The main thrust of Colorado Springs' Craft Week may be connecting locals to other locals. But if Exodus Road founder and CEO Matt Parker has his way, he'll be taking it a step further — linking locals here to villagers in Thailand, via direct-trade coffee.
It's his Springs-based nonprofit coalition's work, finding and freeing human-trafficking slaves in the United States, India and Southeast Asia, that brought him in contact with an American farmer in the hills of Northern Thailand. And it's collaboration and conversation happening as a result of Craft Week that put him in touch with Eric Harry Nicol of the Principal's Office at Ivywild School (who buys coffee from local roasters) and Sarah Ray of Yobel International (who has experience selling direct-trade green beans to local roasters).
Parker's got big ambitions for the organically grown green beans of Thailand's Karen people. If they come to fruition, it could not only mean sustainability for a village, but renown for the Springs in featuring a basically new-to-the-U.S. product.
"I've had coffee from all over the world," Parker explains, "and I've never had coffee that tastes like Thailand coffee. ... It's about to be the next big thing."
To market, to market
Parker lived in Northern Thailand for 2½ years before moving back to Colorado Springs in 2012 to formalize The Exodus Road. The American he met, Sean Abbott, is married to a Karen woman and runs a program called True Vine in the mountains of the northwest Chiang Mai region.
Abbott's work focuses on organic, fair-trade farming, and bringing innovative solutions to crop deficiency in the area. With changes in irrigation, he's helped triple the villagers' growing season, and allowed them to expand from an emphasis on rice to coffee.
Abbott's not the only one pushing coffee, though. Parker explains that both the Thai government and humanitarian influences have been trying to support agricultural alternatives to the opium trade.
"They're really trying to take the hill tribe areas and turn them into a new industry that's not driven by poverty so much," he says. "Sean is at the forefront of that, and he's at the forefront of it outside of the king and the queen's program," which has its problems.
"It's just like any government subsidy," he says. "You come into an impoverished, marginalized area, you set up shop, and then you leave. So now these farmers, they don't run the program in a way that's gonna [generate] cash flow. ... It's that kind of solution that looks good politically, but in reality there is not that sense of sustainability and profit.
So Abbott's found a niche in helping villagers with fair trade and organic farming, movements gaining recognition and cachet globally. (Parker says the Dutch and Canadians have moved in on Thai beans specifically, though Americans haven't taken notice yet.) After the harvest, what the farmers need, often, is a set of wheels — because these villages are so remote, they don't have a way to reach a local market. And brokers who come in don't pay them fair-trade prices.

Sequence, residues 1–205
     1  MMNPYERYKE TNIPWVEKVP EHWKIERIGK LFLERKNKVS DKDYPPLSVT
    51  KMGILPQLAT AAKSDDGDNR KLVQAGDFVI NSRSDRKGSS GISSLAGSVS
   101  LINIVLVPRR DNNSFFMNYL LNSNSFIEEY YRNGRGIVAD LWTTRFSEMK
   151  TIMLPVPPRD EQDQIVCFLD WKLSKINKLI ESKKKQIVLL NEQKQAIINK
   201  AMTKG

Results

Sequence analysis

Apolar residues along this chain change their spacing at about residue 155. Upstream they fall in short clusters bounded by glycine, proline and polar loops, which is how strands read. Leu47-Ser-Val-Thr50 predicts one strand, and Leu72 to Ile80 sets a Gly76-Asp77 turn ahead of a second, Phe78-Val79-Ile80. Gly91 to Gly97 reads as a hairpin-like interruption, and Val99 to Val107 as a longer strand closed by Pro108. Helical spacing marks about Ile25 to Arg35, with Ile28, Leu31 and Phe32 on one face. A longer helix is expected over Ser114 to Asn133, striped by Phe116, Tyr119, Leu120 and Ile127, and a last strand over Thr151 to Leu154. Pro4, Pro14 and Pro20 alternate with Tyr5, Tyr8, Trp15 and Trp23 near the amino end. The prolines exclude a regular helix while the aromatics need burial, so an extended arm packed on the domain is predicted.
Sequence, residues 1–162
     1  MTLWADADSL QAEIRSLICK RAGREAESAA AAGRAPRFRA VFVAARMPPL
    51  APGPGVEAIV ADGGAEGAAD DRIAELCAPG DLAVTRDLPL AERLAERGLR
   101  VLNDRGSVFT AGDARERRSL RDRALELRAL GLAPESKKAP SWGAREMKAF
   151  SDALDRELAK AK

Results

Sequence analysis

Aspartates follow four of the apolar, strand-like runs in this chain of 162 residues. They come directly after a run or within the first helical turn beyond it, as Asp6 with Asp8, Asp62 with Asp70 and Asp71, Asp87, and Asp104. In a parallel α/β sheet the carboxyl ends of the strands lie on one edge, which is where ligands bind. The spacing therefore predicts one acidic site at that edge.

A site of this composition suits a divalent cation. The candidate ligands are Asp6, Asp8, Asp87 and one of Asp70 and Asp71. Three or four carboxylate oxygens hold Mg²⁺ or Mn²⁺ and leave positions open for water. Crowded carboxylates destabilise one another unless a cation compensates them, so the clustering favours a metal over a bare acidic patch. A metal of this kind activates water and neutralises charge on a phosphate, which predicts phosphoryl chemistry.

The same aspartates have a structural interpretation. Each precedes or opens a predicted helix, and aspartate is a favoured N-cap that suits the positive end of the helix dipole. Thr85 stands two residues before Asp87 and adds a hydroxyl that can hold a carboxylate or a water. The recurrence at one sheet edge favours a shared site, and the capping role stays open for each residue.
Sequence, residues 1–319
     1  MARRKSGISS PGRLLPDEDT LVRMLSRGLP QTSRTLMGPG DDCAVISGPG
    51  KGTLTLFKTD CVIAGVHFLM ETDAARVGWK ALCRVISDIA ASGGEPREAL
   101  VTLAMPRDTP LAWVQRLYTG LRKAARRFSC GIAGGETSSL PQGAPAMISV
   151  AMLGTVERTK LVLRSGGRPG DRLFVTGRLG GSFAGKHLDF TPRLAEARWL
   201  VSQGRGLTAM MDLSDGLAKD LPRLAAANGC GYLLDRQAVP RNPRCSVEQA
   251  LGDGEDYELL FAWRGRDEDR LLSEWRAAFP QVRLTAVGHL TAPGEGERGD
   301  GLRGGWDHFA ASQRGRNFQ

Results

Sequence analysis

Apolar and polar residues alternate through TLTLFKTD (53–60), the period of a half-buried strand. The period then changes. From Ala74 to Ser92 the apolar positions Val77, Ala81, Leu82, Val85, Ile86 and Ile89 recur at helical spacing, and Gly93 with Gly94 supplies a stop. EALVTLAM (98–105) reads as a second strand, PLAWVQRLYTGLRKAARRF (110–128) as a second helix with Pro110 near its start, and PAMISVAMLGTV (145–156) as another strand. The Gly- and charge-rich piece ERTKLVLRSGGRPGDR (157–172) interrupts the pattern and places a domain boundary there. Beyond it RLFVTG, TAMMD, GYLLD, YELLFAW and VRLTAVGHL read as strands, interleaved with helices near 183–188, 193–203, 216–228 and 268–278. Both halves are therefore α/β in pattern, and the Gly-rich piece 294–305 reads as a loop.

"Our vision," says Parker, "is to surround the village and say, 'We're gonna bring a market to you. First it's global — with the United States — but as we have revenue coming back in to the village, we want to see them buy that truck, so now they can take their produce to market locally. And potentially Sean has connections with national chains as well, so now we have a global-national-local market we're bringing to them, really increasing the capacity of that village so that not only are they sustainable, but they can thrive."
The benefits go beyond economic infusion. Parker's plan is to buy green beans at fair-trade prices, ship them to Colorado Springs, then sell to local roasters, with a percentage of his proceeds going into Exodus Road's counter-trafficking measures. So far, the nonprofit has freed more than 250 sex slaves.
"I think there's ways to motivate people who care about developing the world, creating a better world, who also love coffee and want to invest in coffee," says Parker. He adds that he'd like to find investors who might be willing to put a few thousand dollars each into a village, combining philanthropy with business development.
He wants to make one-on-one connections as well — one of the impacts direct trade has over fair trade. Think pictures and stories printed on individual coffee bags.
"When you buy this coffee, not only is it premium and it's delicious and it's from Thailand, which is kind of a hidden market ... but there's a person behind this that you get to somewhat 'meet' on the back of the coffee bag. ... I love the thought that there are people rallying around a village to bring it to sustainability."
Next steps include Parker getting beans to Nicol and local roasters to test out in early May. For Nicol's part, he says he sees the potential all around, and that local roasters he knows have expressed an interest in some direct green-bean buying, and in the idea of just trying to connect more to farms.
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